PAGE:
Furloughed employees at Fort Riley are back at work after a Department of Defense action recalling a majority of civilian workers.
Secretary of Defense Chuck Hagel announced Saturday that furloughs issued as a result of the government shutdown would end. The announcement came after a department examination of the Pay Our Military Act determined that the law permitted the return of some civilians.
For Fort Riley, this meant the restoration of some services that had been reduced or eliminated after the shutdown began last week.
“Fort Riley is very pleased with the news from the secretary of defense. It is the right thing to do — to bring back our civilian workers who are a part of Team Riley and who serve our soldiers, veterans, retirees and their family members daily,” said garrison commander Col. Andrew Cole.
The Fort Riley Commissary resumed regular hours Monday, as did many other services. However, a few institutions are still seeing the effects of the shutdown.
Fort Riley’s museums, including the Cavalry Museum, 1st Infantry Division Museum and Custer House, remain closed. The Leisure Travel Center and Eyster Pool are operating with reduced hours.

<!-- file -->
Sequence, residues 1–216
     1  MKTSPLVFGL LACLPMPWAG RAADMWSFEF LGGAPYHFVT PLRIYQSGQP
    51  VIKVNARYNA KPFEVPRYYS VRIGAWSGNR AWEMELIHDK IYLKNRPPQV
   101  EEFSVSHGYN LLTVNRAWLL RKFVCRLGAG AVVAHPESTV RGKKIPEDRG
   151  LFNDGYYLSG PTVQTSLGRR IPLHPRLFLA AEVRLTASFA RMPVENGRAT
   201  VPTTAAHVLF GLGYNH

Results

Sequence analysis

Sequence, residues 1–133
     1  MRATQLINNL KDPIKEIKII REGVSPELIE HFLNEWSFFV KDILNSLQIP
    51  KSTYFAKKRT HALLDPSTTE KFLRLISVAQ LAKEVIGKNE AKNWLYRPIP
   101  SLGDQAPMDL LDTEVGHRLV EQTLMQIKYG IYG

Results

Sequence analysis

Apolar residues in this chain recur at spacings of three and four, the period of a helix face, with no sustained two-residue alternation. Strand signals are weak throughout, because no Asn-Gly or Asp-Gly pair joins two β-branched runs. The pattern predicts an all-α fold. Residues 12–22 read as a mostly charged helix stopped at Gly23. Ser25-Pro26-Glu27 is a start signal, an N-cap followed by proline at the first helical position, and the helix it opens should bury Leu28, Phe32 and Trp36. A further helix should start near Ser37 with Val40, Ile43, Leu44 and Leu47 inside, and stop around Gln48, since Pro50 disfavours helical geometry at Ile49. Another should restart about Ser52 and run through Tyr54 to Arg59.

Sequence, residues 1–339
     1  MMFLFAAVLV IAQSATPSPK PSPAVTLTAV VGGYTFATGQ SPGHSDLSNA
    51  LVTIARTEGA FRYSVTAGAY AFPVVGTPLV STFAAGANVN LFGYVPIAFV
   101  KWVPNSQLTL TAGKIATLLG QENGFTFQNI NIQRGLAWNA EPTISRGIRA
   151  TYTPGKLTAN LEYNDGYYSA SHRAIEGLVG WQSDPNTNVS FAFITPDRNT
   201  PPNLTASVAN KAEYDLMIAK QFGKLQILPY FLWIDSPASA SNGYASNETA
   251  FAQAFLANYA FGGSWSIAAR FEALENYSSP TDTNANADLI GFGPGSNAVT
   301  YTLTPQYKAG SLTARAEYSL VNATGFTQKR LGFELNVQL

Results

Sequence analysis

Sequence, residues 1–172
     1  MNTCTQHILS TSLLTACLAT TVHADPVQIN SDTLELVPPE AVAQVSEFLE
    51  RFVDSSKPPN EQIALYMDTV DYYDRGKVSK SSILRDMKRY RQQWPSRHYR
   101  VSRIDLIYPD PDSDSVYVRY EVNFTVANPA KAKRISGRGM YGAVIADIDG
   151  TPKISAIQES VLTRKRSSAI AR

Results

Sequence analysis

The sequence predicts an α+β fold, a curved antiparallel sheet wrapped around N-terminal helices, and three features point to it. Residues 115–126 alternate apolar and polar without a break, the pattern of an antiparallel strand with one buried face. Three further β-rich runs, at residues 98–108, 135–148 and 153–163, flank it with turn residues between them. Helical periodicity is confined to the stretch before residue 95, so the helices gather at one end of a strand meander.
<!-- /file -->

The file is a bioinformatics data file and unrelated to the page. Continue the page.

Sen. Jerry Moran was one of 50 senators who approached the Department of Defense in support of recalling civilian employees under the Pay Our Military Act.
“I was pleased that a total of 50 senators could put their differences aside, quickly come together in a bipartisan manner, and join me in making our position clear to the Department of Defense,” Moran said.
After reviewing the law, the department recalled civilian employees who have direct contact with soldiers or soldier services.
“The professionalism our civilian employees — those excepted and those furloughed — have shown despite personal hardships during this shutdown is admirable,” Cole said. “They have been on point for Fort Riley and the nation. Each member of Team Riley is crucial in ensuring our continued success.”